JL: Where do you see Jou Sun in 5 years, in Hong Kong or internationally?
Jessica: Our goal is to have a strong presence in Hong Kong first. Most of our customers are English speakers. We’ve now launched our Chinese website as well. Eventually, we’ll start thinking about expanding overseas. We have to find a place where transparency is important, people are aware of food safety issue and are open to online shopping. It’s hard, but we never know what we’ll achieve.
JL: Hong Kong agriculture industry is treated as a “sunset industry”, as most of our food is imported from neighbouring countries. What kind of macro change do you hope to see with the introduction of food delivery services like Jou Sun in supporting local farms?
Jessica: Locally grown organic vegetables are very popular on our platform, but the problem of organic vegetables is that they are seasonal. When corn is in season, the organic corn sales went crazy. When the corn is off-season, the sales of regular corn increased. You can observe that people prefer organic products. Our mission is to give people as many good options as we can, or the choice of being able to buy locally grown food. People who normally don’t have the time to go to the farmers market still want to eat local produce once in awhile. We hope we can help them by getting them groceries direct-from-sources. On the farmers’ side, they can focus on farming without thinking about marketing or transportation. Normally, they need to manage different areas from growing the produce to packaging to delivery, which they would have to spare a few days each month to do.
JL: There are about 3,000 tonnes of food waste sent to landfills every day in Hong Kong. What are your thoughts on this issue?
Jessica: As part of our mission, we are hoping to reduce food waste due to spoiling issues. When customers buy produce, they sometimes need to toss it after just two days. By shrinking the time from the farm to the customer’s home, they then have more time to prepare it. The rest of it is all about education - how to store your vegetables right so they last longer. 20% of the food waste happens before customers even purchase the produce. This means that supermarkets markup the price based on the predicted wastage. Any food wasted during the supply chain will end up in the increased retail price. Some of our products are 15% cheaper compared to supermarkets because we save money from space rental and waste.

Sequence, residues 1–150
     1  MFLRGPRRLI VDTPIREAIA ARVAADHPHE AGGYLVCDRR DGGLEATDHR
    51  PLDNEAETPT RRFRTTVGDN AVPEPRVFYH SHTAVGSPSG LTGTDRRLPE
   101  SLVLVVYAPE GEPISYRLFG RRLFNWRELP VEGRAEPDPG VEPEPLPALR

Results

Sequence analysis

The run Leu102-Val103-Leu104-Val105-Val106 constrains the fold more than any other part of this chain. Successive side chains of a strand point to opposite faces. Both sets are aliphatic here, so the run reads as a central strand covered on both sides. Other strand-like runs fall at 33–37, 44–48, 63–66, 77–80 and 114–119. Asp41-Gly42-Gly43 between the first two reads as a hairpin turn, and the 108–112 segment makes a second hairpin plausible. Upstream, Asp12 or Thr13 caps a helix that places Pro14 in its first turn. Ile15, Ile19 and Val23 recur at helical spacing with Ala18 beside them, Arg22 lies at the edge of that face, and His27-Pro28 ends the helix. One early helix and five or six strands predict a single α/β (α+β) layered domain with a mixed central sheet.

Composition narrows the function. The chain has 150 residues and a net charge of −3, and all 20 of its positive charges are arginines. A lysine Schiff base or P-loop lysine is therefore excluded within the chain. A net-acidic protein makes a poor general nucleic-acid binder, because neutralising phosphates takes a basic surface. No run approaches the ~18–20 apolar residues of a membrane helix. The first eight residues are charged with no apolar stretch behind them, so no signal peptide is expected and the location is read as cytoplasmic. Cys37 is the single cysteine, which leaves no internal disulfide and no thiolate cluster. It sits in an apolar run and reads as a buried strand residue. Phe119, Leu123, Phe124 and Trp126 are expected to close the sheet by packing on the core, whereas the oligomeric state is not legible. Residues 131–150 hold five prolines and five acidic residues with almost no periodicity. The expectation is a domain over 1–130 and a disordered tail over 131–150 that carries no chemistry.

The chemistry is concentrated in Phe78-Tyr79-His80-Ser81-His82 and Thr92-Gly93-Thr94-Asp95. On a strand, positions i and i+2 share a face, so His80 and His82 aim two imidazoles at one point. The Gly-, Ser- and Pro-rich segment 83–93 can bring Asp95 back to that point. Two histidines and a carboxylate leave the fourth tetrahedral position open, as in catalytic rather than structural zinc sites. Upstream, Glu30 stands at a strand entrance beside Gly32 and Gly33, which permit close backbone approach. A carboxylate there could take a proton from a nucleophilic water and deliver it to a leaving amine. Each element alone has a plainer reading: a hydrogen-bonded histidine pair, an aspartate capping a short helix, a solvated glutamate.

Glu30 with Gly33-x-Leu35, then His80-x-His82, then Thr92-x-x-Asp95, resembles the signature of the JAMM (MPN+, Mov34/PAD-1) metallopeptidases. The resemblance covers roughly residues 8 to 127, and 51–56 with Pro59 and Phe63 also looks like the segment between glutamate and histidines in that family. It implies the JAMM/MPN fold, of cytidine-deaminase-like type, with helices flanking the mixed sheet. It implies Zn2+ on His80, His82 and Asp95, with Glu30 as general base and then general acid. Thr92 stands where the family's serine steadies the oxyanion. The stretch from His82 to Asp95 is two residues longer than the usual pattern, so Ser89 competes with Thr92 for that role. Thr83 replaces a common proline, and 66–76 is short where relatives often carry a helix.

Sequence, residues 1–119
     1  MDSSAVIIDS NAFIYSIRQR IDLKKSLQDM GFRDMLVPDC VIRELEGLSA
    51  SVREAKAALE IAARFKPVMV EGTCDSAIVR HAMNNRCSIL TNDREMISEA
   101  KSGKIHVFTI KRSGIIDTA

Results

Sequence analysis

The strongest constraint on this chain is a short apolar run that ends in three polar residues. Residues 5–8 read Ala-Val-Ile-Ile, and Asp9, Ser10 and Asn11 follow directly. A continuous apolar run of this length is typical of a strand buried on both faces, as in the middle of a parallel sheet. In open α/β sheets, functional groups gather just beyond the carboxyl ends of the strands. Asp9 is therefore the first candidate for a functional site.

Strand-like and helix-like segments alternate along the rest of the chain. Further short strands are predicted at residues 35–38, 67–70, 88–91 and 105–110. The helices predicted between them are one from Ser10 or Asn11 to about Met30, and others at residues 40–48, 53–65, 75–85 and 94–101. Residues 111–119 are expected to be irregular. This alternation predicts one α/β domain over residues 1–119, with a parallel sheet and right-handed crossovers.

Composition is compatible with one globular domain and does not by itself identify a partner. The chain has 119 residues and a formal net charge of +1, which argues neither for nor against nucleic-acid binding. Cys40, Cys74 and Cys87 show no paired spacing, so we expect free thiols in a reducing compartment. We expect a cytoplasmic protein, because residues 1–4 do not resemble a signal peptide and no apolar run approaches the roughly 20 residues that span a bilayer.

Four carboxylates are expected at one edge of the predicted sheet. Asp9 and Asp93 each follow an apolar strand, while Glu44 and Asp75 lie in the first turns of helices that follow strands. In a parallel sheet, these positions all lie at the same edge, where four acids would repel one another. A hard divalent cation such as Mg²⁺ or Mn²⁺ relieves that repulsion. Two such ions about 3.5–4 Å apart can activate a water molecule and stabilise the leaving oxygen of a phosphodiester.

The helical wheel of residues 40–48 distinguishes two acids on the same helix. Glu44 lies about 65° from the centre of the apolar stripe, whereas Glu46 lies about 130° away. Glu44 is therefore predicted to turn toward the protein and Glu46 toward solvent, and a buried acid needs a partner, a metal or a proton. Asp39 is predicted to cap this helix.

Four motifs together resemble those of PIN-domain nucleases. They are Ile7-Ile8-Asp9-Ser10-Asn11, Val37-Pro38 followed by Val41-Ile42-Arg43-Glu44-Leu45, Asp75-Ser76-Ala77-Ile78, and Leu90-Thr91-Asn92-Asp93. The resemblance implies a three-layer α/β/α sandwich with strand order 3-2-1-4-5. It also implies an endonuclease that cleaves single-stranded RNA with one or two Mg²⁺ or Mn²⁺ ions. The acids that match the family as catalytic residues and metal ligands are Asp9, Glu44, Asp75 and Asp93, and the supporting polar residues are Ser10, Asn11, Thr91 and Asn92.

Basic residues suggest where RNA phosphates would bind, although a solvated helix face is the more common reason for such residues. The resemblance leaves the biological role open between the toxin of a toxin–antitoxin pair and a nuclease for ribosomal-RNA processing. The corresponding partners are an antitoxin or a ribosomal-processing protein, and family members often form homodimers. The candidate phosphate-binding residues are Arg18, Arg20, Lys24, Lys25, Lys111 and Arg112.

JL: Now onto some fun questions: when and how did your passion for food begin? Do you enjoy cooking or are you a foodie?
Jessica: I’m more of a foodie. I’m not really great at cooking. Angie and Sharon are the chefs of the Jou Sun Team. I love eating while travelling and my husband is a really good at cooking. He likes cooking at home. We buy ingredients from Jou Sun, which is a chance for us to test out the products as well.
JL: What are some of your favourite restaurants in Hong Kong? What are your favourite dishes?
Jessica: I enjoy home cooking a lot and I really enjoy my husband’s cooking because he knows what I like. It’s safer when you know where the ingredients are from compared to dining out. I prefer to have simple meals. My husband and I travel a lot for food, and enjoy going to Michelin star restaurants. We sometimes try recreating the dishes we had. I am into oxtail stews these days, especially wagyu oxtail stew. Check out Jessica’s 6-minute healthy breakfast recipe here.
JL: Can you share an aspiration you have - professional or otherwise?
Jessica: I think you guys are doing a really great job. I’m so happy we can be work with companies in this collaborative working style. Most importantly - they love what they’re doing and believe in what they’re doing.
If you told me I’d be meeting with company founders to setup a pop-up space, interviewing talented Garagers, writing for the Garage Society blog or mastering photoshop to create promotional content for Garage events, I would have never believed you. These tasks created valuable experiences for me as a Communications major and made an impact on me both personally and professionally.
To organize something means to arrange something in a structured or systematic way. Reading these tips on how to organize your desk will not only help coordinate your desk but also your life.
How do you tackle a problem that isn’t visible or clearly defined? One many refuse to acknowledge is even a problem in the first place? And one which affects more than 600,000 people every year? In 2010, Christopher Schrader joined forces with students in Hong Kong and embraced the challenge, organising the first 24 Hour Race to confront modern slavery. The result? The first ever law in India banning a trafficking channel.